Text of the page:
How A Major Canadian University in Ontario Connects To Chengdu, In Western China

Queens University in Kingston, Ontario was founded in 1841 by a royal charter from Queen Victoria. Although initially founded to prepare Presbyterian ministers, it quickly added a medical college, and even a women's medical college in 1883. Near the turn of the century one Dr. Omar Leslie Kilborn graduated with both his bachelor’s and his MD from Queens University. And in 1891, he left Canada for western China as a medical missionary. Dr. Kilborn's goal was to open a series of clinics in the region in order to make healthcare more widely available to the people there. His first clinic opened its doors on November 3, 1892, and he went on to open a number of other clinics and hospitals, including a women's hospital and a dentistry clinic. He also helped establish the Medical College of West China University so local clinics and hospitals might be staffed by locals. Today, a number of hospitals in Chengdu trace their history to Dr. Kilborn.

Get Pregnant, Get Fired

Before the Pregnancy Discrimination Act in 1978, American women could get fired from a job for being pregnant. And many were.

"History never says goodbye. History says, 'See you later.'"

Eduardo Galeano (1940 - 2015), a Uruguayan journalist, writer and novelist. He was particularly famous for writing about soccer/football.

The First Female Prime Minister of Pakistan Set More Than One Record

Pakistan was the first Muslim nation to elect a female prime minister. Benazir Bhutto served as the 11th prime minister from 1988 to 1990, and the 13th prime minister from 1993 to 1996. Ideologically a liberal and a secularist, she chaired or co-chaired the center-left Pakistan Peoples Party (PPP) from the early 1980s until her assassination by a suicide bomber in 2007.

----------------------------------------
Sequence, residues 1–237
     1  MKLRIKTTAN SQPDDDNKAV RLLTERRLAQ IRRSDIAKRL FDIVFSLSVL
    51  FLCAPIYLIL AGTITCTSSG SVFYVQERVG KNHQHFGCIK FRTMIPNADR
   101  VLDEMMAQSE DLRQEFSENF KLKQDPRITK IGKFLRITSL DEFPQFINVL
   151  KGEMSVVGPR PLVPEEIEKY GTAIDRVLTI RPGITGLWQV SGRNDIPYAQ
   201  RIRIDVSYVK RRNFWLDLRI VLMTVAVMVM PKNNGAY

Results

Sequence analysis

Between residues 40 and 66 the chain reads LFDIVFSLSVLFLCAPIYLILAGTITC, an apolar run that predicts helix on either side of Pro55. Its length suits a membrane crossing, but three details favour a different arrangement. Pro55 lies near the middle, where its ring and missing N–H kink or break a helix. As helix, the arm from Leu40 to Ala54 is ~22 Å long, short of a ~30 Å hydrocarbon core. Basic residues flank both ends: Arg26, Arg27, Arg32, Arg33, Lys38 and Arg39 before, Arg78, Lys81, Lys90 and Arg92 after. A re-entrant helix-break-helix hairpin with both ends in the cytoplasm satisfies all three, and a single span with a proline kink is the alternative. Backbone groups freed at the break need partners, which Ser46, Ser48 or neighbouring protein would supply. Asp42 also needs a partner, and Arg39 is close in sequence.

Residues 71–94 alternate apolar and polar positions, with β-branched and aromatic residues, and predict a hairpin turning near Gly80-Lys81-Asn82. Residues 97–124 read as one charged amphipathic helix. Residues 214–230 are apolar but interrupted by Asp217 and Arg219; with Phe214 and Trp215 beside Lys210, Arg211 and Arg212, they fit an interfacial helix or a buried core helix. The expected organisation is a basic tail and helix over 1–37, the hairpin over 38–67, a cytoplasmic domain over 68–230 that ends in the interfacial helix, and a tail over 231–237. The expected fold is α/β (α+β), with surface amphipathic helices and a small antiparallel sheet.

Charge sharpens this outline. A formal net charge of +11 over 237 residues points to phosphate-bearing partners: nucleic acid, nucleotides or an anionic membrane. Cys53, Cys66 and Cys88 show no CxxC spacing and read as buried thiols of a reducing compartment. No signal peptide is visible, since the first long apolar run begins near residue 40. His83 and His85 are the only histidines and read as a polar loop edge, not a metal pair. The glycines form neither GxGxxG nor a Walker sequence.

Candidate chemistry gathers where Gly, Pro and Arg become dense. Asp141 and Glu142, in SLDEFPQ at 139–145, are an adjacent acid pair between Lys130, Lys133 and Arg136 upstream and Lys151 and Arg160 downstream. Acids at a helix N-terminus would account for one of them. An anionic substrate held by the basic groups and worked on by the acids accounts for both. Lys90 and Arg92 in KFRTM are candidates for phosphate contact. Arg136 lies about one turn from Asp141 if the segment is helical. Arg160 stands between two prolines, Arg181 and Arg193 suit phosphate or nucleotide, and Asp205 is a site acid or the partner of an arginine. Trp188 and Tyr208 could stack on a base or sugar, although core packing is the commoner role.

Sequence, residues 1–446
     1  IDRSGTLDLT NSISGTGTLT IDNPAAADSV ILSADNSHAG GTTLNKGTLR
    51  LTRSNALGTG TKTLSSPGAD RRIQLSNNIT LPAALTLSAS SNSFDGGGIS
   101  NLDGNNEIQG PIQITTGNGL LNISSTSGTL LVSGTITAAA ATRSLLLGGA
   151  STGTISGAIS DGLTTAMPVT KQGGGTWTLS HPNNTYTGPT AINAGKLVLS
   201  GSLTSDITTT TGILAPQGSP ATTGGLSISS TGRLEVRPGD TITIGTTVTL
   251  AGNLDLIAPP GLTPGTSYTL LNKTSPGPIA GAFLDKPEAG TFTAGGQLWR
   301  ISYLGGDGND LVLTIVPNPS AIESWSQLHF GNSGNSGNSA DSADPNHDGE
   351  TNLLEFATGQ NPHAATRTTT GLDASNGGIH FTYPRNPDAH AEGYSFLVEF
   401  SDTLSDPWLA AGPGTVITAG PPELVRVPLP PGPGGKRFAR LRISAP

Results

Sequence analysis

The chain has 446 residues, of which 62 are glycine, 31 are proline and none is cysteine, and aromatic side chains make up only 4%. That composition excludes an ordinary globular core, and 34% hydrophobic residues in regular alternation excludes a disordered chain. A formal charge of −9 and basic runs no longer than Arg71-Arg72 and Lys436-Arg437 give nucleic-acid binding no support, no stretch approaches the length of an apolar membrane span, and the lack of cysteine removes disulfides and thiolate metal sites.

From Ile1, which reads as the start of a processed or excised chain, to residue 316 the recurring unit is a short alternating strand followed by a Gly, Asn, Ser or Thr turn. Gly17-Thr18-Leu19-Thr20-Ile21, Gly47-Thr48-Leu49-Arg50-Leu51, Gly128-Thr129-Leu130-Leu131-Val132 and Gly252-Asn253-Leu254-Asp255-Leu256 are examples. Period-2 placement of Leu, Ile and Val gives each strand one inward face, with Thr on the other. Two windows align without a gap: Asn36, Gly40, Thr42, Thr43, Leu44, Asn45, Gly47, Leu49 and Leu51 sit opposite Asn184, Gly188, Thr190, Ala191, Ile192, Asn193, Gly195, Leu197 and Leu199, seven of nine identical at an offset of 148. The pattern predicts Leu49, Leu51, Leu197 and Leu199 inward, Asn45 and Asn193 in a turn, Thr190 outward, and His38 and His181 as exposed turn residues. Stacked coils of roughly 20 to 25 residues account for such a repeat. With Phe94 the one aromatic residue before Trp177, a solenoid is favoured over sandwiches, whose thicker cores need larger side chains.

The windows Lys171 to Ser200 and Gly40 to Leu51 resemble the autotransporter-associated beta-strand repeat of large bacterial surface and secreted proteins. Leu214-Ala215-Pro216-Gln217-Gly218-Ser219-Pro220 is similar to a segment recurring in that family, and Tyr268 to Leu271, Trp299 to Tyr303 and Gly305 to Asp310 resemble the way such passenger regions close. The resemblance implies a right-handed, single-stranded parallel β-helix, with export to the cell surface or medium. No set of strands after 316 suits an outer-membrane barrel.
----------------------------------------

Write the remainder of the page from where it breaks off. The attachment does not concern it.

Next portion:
NASA Forced Out Its First Black Astronaut Trainee, So He Became A Famous Artist Instead

Noted sculptor Ed Dwight was a test pilot for the US Air Force while getting a degree in Aeronautical Engineering. In 1961, the Kennedy administration selected Dwight to be the first African-American to train as an astronaut. His selection drew international media coverage. After Kennedy was assassinated, NASA forced Dwight out of the program by assigning him to a German test pilot school that did not exist, making Dwight resign in 1966.

After NASA, Dwight worked as an engineer in real estate and at IBM, before learning how to operate a metal casting foundry in the mid-1970s, and getting a Masters of Fine Arts. His career in sculpture took off from there. He is noted for his pioneering use of negative space, and has created over 100 public sculptures, all involving blacks and civil rights activists. Today he owns and runs a studio in Denver, Colorado.

"Life isn't fair. It's just fairer than death, that's all."

William Goldman (1931 - 2018). He was an American novelist, playwright, and screenwriter. Goldman first came to prominence in the 1950s as a novelist, before turning to screenwriting. He won two Academy Awards for his screenplays, first for the western Butch Cassidy and the Sundance Kid (1969) and again for All the President's Men (1976). He also wrote, among other things, a thriller novel Marathon Man (1974) and comedy-fantasy novel The Princess Bride (1973), both of which Goldman adapted for film.